If the battery runs out on a new electric car when you aren’t near a power outlet—in the middle of the wilderness on a camping trip, for example—all you have to do is wait: The car is plastered with solar panels that can charge itself.
In day-to-day life in a city, if you have a short commute or just use the car for errands, you might never need to plug it in. The Sion, from a millennial-run German startup called Sono Motors, can go a little more than 18 miles a day using energy from the solar panels alone.
In Germany, where the average driver only goes about 13 miles a day, the car should almost always be able to run off the grid. "It's enough for driving to work and getting the kids and going back home, and you don't have to plug it in at all," says 23-year old Jona Christians, one of the cofounders. Even on a cloudy day, when the panels produce less energy, the car should still be able to go around six miles without a charge.
It doesn't have the range of one of the cars in the World Solar Challenge, a race that covers 1,878 miles in the Australian desert. But it's affordable—the basic model costs around $13,000, plus the cost of renting or buying the battery—and it takes advantage of the practical facts of using a car in the city, where cars are parked outside more than 90% of the time.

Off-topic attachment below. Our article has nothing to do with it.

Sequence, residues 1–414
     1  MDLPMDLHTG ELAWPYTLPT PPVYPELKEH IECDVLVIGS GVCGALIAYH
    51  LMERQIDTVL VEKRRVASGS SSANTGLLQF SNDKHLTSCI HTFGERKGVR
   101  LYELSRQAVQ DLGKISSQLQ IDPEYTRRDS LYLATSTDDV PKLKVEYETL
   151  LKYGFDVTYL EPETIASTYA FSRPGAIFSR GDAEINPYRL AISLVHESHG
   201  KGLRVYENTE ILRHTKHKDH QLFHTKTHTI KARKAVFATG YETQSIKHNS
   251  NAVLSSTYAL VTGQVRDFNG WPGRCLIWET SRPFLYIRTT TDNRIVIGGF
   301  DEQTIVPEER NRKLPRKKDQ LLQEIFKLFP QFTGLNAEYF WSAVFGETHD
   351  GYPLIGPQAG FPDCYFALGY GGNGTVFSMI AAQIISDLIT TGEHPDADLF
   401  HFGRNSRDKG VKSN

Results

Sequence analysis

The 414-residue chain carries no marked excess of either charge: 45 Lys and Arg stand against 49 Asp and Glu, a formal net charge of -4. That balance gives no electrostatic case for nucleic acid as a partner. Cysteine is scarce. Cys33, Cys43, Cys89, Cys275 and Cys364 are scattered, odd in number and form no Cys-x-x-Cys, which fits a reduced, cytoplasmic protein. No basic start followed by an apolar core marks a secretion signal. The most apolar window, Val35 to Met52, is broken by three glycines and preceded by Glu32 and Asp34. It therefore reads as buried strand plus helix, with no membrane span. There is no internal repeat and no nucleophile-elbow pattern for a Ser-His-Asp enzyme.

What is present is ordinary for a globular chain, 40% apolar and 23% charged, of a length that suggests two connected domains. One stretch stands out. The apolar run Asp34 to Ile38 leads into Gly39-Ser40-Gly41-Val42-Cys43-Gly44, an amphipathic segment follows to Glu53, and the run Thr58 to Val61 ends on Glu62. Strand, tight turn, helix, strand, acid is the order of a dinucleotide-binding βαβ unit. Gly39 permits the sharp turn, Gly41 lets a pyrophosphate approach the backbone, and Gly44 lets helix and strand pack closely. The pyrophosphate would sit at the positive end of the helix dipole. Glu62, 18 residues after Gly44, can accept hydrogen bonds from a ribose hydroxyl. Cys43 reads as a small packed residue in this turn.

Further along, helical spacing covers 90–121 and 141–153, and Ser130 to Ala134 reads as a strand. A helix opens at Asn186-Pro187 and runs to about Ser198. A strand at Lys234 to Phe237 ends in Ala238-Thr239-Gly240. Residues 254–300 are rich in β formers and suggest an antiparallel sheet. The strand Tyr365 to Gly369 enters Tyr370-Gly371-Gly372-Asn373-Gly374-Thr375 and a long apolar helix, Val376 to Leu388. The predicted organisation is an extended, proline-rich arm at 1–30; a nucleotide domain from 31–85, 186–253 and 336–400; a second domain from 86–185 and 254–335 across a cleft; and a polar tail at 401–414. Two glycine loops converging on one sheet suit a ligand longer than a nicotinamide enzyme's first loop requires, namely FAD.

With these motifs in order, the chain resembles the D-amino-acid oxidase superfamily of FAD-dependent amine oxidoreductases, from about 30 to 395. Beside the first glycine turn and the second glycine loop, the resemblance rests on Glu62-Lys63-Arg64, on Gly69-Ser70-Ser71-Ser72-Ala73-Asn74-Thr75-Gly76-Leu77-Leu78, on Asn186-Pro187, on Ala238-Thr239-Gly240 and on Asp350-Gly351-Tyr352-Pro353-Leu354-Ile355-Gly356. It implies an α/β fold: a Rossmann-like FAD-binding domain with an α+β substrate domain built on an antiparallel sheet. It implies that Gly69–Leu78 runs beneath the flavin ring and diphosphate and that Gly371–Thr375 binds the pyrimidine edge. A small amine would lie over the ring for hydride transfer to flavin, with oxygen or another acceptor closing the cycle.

"Our idea is that the car is mostly standing on the streets doing nothing," says Christians. "We said, well, it could be helpful to produce electricity just by standing. That's the key thing for people to realize about our concept: It's not about driving when the sun's shining, but generating electricity when the car is just sitting there."
The panels cover the hood, roof, and also the sides of the car—the somewhat awkward shape is designed to maximize the sun. "Our car is a bit bigger, which makes it not sporty like a Tesla," he says. "But that's not our goal. We said it has to be sufficient for families and storage and to have enough room, but it's not about velocity and being the best car."
The simple design is meant to be easy to repair, and the company plans to offer instructional videos for drivers who want to make any fixes themselves. The car has a few unusual parts, such as an air filter made from moss, which can naturally help regulate humidity, dampen noise, and catch particles of pollution.
The startup recently raised a little more than $200,000 in a crowdfunding campaign, and is in talks with manufacturers, hoping to have models ready for test drives in mid-2017.
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